A parking lot isn’t exactly a traditional classroom, but not much of anything is traditional during the coronavirus pandemic. 

When schools in Los Angeles County announced they would keep their doors closed this fall, the Dream Center converted a portion of its parking lot into an outdoor learning center, staffed with professional tutors, called the Restart Learning Center. 

“It’s everything I never thought a school would be, in a parking lot with an overhang and stations set up for kids to learn,” Matthew Barnett, co-founder of the nonprofit, told The Daily Signal in a phone interview. 

The Restart Learning Center provides students in K-12 with a safe and engaging environment to watch online lessons from their respective schools and to complete assignments. Dream Center tutors are on site to help students with their work and encourage them to stay engaged in their schooling. 

The Dream Center, a nonprofit founded in 1994 and funded through donations, was founded to serve the poor in and around Los Angeles. With schools closed this fall, academic assistance is one of the most pressing needs of low-income families. 

Barnett, 46, has served as a pastor in downtown Los Angeles for 26 years and is well-acquainted with the challenges faced by families in his community, many of whom are immigrants. 

When the schools announced that they would be all online this fall, “we just began to hear panic in the neighborhoods,” he said. “Parents saying, ‘I have no idea how to do this.’ … There was just a feeling of giving up.” 

From the start of the pandemic, the center has acted to meet the needs of the community. 

More than 85% of students in the Los Angeles Unified School District qualify for either free or discounted school meals, according to KNBC-TV Channel 4, the NBC affiliate in Los Angeles. 

Between March and early June, the Dream Center served up more than 900,000 free meals to students, families, and anyone else in need. 

The Restart Learning Center, which offers tutoring and a safe learning environment for children to complete assignments while parents work, is just one more way the nonprofit is supporting families during the pandemic.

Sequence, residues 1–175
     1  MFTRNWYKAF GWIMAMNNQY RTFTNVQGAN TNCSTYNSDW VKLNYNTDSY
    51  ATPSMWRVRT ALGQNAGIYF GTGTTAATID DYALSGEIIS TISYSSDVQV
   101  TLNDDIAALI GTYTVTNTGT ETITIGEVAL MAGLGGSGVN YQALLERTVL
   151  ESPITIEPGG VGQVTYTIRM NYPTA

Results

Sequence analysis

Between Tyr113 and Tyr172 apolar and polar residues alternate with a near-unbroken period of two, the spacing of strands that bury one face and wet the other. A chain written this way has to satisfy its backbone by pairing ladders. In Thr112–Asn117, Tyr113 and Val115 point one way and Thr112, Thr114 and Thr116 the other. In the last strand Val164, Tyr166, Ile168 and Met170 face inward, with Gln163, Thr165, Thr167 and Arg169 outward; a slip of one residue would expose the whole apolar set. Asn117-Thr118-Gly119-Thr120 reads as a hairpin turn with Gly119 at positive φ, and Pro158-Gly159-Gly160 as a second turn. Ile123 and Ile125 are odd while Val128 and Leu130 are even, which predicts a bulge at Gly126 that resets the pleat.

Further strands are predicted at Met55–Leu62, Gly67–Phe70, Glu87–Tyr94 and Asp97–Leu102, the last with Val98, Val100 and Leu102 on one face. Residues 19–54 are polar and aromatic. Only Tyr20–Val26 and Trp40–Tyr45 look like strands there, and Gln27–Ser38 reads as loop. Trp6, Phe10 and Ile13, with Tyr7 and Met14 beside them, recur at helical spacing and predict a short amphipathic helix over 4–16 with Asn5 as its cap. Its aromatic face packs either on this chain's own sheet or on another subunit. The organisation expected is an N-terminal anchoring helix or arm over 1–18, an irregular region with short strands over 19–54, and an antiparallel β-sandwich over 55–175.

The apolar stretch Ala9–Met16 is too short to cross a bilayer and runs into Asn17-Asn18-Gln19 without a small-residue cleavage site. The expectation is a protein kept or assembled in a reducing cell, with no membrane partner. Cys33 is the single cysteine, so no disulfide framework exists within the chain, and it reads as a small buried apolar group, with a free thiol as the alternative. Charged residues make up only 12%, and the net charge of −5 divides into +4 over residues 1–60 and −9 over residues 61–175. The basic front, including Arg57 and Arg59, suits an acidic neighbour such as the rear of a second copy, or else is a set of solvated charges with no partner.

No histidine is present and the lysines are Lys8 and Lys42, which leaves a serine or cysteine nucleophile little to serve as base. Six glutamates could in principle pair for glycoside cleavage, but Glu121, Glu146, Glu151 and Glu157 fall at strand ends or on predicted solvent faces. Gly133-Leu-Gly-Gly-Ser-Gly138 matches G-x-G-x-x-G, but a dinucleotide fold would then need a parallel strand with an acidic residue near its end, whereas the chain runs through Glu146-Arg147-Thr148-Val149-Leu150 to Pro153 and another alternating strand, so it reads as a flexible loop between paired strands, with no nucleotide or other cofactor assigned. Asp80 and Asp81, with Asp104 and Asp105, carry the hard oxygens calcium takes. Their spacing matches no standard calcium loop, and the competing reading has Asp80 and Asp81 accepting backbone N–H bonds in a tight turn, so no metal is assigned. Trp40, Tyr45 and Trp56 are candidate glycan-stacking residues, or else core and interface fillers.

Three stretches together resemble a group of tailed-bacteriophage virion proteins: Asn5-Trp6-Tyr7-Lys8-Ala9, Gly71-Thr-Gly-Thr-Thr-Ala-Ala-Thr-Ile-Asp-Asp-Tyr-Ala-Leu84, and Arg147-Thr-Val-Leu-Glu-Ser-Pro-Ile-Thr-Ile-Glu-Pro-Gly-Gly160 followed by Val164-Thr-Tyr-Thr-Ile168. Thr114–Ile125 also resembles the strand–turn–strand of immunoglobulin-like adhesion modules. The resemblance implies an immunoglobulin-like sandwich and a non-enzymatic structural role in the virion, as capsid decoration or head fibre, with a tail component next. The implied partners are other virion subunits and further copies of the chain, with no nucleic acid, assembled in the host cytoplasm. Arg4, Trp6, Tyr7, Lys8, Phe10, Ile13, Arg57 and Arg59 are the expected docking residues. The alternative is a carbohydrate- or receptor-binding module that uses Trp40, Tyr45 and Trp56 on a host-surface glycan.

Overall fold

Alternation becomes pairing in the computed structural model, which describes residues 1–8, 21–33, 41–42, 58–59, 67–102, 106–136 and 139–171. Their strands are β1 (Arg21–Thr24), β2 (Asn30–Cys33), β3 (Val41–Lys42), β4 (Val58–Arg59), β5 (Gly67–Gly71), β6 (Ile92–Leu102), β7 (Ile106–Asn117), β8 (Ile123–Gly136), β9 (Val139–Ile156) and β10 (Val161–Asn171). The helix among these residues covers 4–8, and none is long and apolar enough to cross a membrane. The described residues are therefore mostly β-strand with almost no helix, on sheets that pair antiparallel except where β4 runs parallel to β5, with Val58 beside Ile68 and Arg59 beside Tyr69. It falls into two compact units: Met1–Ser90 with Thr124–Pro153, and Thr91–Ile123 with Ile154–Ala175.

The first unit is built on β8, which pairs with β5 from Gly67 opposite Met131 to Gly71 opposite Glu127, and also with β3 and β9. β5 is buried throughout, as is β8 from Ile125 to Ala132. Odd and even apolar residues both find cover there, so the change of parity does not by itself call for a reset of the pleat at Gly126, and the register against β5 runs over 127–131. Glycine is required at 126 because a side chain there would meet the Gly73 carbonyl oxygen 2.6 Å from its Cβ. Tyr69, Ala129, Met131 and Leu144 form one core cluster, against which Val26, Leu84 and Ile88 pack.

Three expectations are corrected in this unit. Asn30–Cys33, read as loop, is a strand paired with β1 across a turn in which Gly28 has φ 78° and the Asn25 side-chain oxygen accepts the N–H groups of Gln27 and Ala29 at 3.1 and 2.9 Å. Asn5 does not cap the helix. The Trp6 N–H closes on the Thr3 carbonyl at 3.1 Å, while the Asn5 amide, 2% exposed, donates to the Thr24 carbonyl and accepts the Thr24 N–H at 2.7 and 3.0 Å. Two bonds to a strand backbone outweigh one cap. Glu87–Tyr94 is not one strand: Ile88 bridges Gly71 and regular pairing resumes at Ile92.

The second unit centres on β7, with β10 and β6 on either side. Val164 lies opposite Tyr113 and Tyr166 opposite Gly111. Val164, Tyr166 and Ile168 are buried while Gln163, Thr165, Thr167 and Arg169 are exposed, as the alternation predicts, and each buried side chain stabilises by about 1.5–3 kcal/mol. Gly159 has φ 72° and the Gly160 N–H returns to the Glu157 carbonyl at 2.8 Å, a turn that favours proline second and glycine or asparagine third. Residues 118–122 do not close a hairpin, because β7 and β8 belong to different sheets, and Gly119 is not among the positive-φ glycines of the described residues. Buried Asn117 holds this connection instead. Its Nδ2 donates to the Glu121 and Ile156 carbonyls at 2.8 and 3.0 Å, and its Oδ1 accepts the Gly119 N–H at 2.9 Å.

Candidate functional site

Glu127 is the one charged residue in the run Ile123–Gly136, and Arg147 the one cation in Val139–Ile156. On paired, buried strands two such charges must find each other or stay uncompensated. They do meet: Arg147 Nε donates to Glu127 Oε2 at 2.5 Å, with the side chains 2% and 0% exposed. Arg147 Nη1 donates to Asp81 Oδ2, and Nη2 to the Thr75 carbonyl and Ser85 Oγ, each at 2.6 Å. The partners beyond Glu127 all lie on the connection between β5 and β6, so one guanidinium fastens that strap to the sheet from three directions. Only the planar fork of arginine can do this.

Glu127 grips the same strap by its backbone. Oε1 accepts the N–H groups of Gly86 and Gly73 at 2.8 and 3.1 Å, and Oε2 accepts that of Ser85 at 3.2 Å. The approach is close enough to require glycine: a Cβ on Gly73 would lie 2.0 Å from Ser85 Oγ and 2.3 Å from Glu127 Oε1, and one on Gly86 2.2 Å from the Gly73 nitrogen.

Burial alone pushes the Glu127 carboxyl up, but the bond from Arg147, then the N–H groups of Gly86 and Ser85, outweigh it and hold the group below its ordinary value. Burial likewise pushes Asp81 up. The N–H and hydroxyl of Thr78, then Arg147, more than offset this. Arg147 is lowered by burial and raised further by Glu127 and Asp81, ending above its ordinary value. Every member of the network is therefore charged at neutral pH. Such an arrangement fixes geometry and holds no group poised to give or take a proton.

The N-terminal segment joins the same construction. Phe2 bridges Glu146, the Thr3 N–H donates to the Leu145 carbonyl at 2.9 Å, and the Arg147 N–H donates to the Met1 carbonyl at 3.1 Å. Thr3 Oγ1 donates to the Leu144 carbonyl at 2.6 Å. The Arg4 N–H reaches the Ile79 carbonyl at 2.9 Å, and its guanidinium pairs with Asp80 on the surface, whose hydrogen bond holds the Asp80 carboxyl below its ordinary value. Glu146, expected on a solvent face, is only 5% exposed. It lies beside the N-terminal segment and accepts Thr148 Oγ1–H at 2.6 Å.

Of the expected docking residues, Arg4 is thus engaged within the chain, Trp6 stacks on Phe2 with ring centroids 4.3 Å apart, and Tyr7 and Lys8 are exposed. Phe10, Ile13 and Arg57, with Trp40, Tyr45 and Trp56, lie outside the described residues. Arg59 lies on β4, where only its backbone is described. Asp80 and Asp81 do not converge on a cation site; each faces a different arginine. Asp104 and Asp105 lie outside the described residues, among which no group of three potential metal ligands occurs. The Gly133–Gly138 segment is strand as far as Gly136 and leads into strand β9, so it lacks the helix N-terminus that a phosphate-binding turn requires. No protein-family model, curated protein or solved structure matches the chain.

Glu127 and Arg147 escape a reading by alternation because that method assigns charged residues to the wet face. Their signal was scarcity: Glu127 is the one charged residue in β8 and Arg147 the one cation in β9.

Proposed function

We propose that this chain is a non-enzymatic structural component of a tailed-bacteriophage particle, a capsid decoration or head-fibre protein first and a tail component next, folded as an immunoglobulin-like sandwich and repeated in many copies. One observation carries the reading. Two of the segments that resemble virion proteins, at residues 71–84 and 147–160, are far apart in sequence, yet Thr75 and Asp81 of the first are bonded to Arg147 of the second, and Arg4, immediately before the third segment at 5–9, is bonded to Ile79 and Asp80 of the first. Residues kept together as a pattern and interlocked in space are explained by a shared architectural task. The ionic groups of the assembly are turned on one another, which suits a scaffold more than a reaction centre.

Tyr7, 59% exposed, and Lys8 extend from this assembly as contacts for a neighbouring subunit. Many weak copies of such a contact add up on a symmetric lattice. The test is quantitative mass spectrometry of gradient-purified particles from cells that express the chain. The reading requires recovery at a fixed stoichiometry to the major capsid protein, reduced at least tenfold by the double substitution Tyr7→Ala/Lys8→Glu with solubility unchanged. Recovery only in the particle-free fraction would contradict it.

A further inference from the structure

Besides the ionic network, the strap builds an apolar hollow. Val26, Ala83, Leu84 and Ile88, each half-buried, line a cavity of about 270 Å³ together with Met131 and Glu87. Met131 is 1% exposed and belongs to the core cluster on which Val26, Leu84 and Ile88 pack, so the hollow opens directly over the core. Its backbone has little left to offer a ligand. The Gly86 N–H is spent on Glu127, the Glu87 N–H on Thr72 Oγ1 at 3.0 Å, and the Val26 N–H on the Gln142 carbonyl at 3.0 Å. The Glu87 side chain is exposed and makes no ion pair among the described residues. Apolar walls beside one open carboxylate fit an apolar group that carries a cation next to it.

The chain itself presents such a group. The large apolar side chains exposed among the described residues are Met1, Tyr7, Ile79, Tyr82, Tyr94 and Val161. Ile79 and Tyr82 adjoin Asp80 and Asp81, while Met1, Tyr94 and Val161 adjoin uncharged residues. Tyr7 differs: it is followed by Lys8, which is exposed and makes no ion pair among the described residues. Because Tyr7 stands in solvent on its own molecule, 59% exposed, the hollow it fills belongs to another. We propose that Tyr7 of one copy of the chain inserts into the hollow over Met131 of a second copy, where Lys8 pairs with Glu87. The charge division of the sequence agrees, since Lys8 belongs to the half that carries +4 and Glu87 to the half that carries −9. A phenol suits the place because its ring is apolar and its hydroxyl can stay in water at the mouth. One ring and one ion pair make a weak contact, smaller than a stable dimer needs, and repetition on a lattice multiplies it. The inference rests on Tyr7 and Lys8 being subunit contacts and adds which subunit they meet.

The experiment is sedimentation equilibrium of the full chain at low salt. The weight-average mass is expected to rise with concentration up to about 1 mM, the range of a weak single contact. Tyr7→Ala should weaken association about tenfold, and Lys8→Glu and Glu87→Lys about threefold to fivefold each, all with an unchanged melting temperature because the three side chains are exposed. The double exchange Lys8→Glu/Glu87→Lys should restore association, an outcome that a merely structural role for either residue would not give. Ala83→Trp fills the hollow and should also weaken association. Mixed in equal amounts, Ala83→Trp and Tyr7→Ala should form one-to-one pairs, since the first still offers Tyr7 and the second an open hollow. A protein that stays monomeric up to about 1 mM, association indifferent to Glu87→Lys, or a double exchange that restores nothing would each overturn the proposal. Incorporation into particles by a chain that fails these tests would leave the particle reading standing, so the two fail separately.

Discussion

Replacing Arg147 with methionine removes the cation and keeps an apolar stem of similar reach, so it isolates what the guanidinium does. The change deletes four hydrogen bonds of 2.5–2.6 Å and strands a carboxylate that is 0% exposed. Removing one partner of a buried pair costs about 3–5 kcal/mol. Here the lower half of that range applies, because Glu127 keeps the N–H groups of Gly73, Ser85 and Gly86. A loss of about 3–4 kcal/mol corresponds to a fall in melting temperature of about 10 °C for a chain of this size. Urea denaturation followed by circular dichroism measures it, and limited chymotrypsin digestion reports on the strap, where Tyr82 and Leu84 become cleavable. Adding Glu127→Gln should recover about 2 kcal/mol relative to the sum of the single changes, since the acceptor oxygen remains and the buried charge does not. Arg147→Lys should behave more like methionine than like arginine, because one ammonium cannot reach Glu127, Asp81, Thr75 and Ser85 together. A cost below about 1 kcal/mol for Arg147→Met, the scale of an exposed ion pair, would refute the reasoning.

It provides students with “no reason why they can’t succeed, because we have teachers here. We have [WiFi] here. We will call the school for them” if they have questions about assignments, Barnett said. 

There are no reservations or waiting lists. Parents can simply drop off their children in the morning and pick them up in the afternoon. 

Tutors are available to answer questions. A computer or a Chromebook is provided to children who do not have a device for online learning. 

Every student receives a free lunch, and prizes are awarded hourly to children who stay focused and engaged in their schoolwork. 

“High-energy Nickelodeon TV show-meets-education” is how the nonprofit’s co-founder described the environment of the Restart Learning Center. 

Twenty students and seven tutors arrived Aug. 18 for the first day of learning under the solar panel overhang. Barnett thinks there will be 80 to 100 children attending the Restart Learning Center by mid-to-late September. 

The center would like to maintain a student-to-tutor ratio of between 3-to-1 and 7-to-1 to ensure that every child is receiving the attention he or she needs. 

Beyond just academics, the Dream Center views the learning space as a safe way for kids to reengage with the world around them after being stuck at home for months, and for young people to continue pursuing their dreams. 

On the very first day, Barnett found himself chatting with a high schooler who one day hopes to attend Duke University. 

“He is sitting out here in an outdoor shed in a parking lot of the Dream Center doing his online work with a vision to go to Duke. … I thought, if we could have four months [to be] a part of his journey to get there … how cool would that be to be a part of his life?” Barnett said, adding:

His storyline one day will be, ‘My education was maintained because a group of people in downtown L.A. opened up their parking lot, where we could learn and study.’

Many of the families attending the Restart Learning Center are from the low-income neighborhoods surrounding the Dream Center, but working parents, no matter their socioeconomic background, are trusting the center to help their children succeed this fall. 

“Thank you so much. I did not know what to do,” a doctor and single father told Barnett as he dropped his child off at the outdoor schooling center. 

The nonprofit plans to continue the free tutoring and meals to students and families through the fall semester, and maybe even into the new year, living out its COVID-19 mantra: “Meet the need. Support the comeback.”